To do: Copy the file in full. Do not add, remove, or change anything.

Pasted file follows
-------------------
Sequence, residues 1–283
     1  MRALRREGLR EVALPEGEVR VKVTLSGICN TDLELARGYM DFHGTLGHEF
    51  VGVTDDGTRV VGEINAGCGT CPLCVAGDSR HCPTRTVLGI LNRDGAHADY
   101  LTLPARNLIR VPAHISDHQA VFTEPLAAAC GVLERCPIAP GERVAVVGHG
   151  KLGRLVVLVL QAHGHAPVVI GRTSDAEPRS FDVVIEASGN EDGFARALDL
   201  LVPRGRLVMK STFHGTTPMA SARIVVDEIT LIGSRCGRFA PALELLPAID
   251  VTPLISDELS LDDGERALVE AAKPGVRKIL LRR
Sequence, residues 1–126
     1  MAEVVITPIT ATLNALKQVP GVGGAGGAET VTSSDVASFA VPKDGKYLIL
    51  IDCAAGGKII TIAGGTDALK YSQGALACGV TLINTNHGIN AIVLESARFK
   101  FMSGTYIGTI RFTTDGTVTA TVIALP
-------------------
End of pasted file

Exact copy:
Sequence, residues 1–283
     1  MRALRREGLR EVALPEGEVR VKVTLSGICN TDLELARGYM DFHGTLGHEF
    51  VGVTDDGTRV VGEINAGCGT CPLCVAGDSR HCPTRTVLGI LNRDGAHADY
   101  LTLPARNLIR VPAHISDHQA VFTEPLAAAC GVLERCPIAP GERVAVVGHG
   151  KLGRLVVLVL QAHGHAPVVI GRTSDAEPRS FDVVIEASGN EDGFARALDL
   201  LVPRGRLVMK STFHGTTPMA SARIVVDEIT LIGSRCGRFA PALELLPAID
   251  VTPLISDELS LDDGERALVE AAKPGVRKIL LRR
Sequence, residues 1–126
     1  MAEVVITPIT ATLNALKQVP GVGGAGGAET VTSSDVASFA VPKDGKYLIL
    51  IDCAAGGKII TIAGGTDALK YSQGALACGV TLINTNHGIN AIVLESARFK
   101  FMSGTYIGTI RFTTDGTVTA TVIALP